No cross-strait political talks: Hsia

By Shih Hsiu-chuan  /  Staff reporter

Tue, Mar 10, 2015 - Page 1

Mainland Affairs Council Minister Andrew Hsia (夏立言) yesterday dismissed a recent suggestion by Kao Yu-jen (高育仁), father-in-law of New Taipei City Mayor and Chinese Nationalist Party (KMT) Chairman Eric Chu (朱立倫), that Chu should embark on political talks with Beijing.

“The time is not yet right for Taiwan and China to enter political negotiations, as there is a lack of consensus on the issue at home and a lack of mutual trust across the [Taiwan] Strait,” Hsia told an Internal Administration Committee meeting when fielding questions from Democratic Progressive Party Legislator Chen Chi-mai (陳其邁) at the legislature.

Chen asked Hsia about the remarks made by Kao, who was commenting on Chinese President Xi Jinping’s (習近平) statement on Wednesday last week that emphasized the importance of Taiwan’s political leaders adhering to the so-called “1992 consensus” by saying that rejection of the “common political basis” would bring about volatility and instability in cross-strait relations.

The “1992 consensus,” embraced by President Ma Ying-jeou’s (馬英九) administration, is a term then-KMT legislator Su Chi (蘇起) admitted in 2006 that he made up in 2000, when he was former Mainland Affairs Commission chairman. It refers to a supposed understanding between the KMT and the Chinese government that both sides of the Taiwan Strait acknowledge there is “one China,” with each side having its own interpretation of what that means.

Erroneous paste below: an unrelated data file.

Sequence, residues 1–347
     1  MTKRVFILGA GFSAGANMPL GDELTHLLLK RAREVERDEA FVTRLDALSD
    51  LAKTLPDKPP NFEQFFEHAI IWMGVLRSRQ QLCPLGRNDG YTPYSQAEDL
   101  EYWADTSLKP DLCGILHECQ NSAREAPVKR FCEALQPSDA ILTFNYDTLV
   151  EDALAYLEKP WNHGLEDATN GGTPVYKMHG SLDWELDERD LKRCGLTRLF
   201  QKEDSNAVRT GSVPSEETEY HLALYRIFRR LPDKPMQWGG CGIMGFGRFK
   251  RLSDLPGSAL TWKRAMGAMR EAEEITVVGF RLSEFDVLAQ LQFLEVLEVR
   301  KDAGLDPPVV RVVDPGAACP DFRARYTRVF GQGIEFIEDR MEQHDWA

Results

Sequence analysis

In an interview with reporters on Saturday, Kao said that either Ma or Chu meeting with Xi would ease cross-strait tensions, and that Chu should “go beyond” adherence to the “1992 consensus” and proceed with opening cross-strait negotiations on political issues.

“Kao Yu-jen is dictating Eric Chu’s policy. Do you listen to President Ma or Chairman Chu?” Chen asked Hsia.

Hsia said that he, as a Republic of China government official, would follow the government’s policy rather than that of the party, adding that what Kao said was “his personal view.”

Xi’s statement, delivered at a panel discussion with members of the 12th National Committee of the Chinese People’s Political Consultative Conference, was the focus of a front-page story on the Chinese-language United Daily News on Thursday last week, which said the repercussions of the “1992 consensus” being challenged would “trigger an earthquake and topple hills” (didong shanyao, 地動山搖).

KMT Legislator Wu Yu-sheng (吳育昇) asked Hsia for his opinion on Xi’s warning to Taiwan and the way it was phrased.

“Of course we are not comfortable with [didong shanyao],” Hsia said. “What he [Xi] meant was that a denial of the ‘1992 consensus’ and [the pursuit of] Taiwanese independence would severely damage cross-strait relations.”

In related news, when responding to questions from Taiwan Solidarity Union Legislator Chou Ni-an (周倪安) about China’s proposed M503 flight route, Hsia said that the council would continue to negotiate with China in the hope of convincing it to move the flight route further west.

China on Jan. 12 announced that it would open the M503 route, which comes close to the median line of the Taiwan Strait, along with three other flight routes.

However, it later agreed to postpone the starting date and to move the M503 route westward by 6 nautical miles (11.1km) following protests from Taiwan.